WASHINGTON, May 31 (Reuters) - Contracts to buy previously owned U.S. homes fell for a second straight month in April amid a supply squeeze, but the housing market recovery remains supported by a strong labor market.
The National Association of Realtors said on Wednesday its Pending Home Sales Index, based on contracts signed last month, dropped 1.3 percent to 109.8.
Economists had forecast pending home sales rising 0.5 percent last month. Pending home sales fell 3.3 percent from a year ago. That is the first year-on-year drop since last December and the largest since June 2014.
“Much of the country for the second straight month saw a pullback in pending sales as the rate of new listings continues to lag the quicker pace of homes coming off the market,” said NAR chief economist Lawrence Yun. “Realtors are indicating that foot traffic is higher than a year ago.”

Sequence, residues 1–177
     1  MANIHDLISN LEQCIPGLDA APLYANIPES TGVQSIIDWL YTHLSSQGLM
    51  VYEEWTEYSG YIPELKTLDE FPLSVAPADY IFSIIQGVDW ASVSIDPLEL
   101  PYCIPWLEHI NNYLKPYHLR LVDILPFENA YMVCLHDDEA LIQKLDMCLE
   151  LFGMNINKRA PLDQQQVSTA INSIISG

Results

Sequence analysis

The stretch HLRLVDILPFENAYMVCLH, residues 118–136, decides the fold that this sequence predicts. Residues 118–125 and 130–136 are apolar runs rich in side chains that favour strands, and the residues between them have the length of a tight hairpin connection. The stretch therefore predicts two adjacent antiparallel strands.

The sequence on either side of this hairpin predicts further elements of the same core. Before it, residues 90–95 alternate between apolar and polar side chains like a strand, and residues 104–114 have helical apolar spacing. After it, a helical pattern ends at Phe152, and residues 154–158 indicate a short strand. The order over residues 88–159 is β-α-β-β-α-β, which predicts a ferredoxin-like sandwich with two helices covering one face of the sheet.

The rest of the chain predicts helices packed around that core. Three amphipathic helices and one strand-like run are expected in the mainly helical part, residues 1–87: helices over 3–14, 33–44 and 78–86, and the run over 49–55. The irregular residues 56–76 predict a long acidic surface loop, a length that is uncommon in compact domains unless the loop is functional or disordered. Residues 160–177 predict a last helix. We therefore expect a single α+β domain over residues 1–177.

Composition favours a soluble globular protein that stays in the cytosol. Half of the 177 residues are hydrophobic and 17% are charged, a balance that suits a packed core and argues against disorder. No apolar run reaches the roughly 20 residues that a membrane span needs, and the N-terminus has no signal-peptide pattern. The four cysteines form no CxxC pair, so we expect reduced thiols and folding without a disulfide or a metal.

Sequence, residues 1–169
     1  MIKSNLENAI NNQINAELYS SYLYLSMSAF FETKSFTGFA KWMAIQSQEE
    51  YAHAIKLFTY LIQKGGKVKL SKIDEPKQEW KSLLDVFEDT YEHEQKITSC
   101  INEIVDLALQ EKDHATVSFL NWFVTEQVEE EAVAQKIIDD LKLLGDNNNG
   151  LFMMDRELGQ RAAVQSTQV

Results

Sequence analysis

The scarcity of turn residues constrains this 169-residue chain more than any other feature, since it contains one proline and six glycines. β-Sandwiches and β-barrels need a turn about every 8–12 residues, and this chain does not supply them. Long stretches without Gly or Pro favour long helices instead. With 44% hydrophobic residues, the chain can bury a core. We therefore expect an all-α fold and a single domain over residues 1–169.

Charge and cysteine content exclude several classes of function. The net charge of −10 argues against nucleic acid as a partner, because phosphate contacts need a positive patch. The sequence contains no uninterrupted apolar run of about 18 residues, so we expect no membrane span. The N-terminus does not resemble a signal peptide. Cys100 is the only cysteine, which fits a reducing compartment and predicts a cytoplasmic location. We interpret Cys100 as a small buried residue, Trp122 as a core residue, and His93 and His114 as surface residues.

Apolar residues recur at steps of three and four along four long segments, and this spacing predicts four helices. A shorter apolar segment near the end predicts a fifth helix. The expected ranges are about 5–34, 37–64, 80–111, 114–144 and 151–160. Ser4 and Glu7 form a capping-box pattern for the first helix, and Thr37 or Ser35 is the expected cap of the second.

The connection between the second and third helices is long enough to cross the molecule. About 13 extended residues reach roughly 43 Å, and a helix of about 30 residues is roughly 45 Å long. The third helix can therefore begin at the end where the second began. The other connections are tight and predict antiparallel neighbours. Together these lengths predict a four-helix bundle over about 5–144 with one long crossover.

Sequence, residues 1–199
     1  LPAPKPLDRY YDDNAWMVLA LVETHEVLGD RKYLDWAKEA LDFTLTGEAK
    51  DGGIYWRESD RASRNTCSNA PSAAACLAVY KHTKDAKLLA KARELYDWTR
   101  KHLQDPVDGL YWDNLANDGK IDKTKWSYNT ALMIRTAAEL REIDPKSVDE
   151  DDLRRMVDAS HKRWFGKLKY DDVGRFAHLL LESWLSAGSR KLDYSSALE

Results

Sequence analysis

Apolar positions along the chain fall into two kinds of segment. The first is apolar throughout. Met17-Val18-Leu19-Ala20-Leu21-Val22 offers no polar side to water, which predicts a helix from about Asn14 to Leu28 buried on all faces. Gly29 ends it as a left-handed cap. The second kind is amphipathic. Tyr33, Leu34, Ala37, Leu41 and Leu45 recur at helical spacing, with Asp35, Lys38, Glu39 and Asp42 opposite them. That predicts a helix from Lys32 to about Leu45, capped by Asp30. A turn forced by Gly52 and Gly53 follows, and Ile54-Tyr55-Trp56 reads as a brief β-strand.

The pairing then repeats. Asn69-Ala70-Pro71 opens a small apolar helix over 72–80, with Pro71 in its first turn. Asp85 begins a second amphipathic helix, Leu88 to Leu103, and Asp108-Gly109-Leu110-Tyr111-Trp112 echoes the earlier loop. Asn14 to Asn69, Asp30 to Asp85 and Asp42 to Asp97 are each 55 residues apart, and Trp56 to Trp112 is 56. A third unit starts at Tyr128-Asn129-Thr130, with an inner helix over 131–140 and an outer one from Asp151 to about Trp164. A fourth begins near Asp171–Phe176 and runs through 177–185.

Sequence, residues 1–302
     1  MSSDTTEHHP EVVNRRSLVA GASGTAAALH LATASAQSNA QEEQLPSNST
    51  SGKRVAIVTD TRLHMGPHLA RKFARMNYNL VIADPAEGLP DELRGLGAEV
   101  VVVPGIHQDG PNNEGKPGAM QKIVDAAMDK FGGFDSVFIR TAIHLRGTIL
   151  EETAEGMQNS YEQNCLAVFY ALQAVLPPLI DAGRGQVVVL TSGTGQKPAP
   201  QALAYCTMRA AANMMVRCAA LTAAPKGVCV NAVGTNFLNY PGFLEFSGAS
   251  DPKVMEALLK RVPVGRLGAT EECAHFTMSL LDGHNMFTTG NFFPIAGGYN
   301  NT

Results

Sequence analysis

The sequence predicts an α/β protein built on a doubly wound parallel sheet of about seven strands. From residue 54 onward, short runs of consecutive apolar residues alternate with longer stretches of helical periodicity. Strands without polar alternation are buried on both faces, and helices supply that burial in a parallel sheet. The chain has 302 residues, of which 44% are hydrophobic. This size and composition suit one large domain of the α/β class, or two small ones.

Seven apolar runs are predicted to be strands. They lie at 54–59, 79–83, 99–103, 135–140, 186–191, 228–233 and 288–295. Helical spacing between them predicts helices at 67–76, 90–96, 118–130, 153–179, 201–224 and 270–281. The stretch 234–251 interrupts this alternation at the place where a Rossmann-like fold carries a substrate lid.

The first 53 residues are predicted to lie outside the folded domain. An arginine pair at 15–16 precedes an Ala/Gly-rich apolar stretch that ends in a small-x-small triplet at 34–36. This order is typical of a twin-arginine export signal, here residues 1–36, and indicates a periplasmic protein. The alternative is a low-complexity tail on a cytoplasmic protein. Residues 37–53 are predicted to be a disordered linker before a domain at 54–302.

Pending home contracts become sales after a month or two, and last month’s fall suggested a further decline in home resales after they dropped 2.3 percent in April.
Demand for housing is being driven by a tight labor market, marked by a 4.4 percent unemployment rate, which is generating wage increases and boosting employment opportunities for young Americans.
Sales activity, however, remains constrained by tight inventories, which are driving up home prices. Housing inventory has dropped for 23 straight months on a year-on-year basis.
Pending home sales fell in the Northeast, Midwest and South last month, but surged 5.8 percent in the West. (Reporting By Lucia Mutikani; Editing by Andrea Ricci)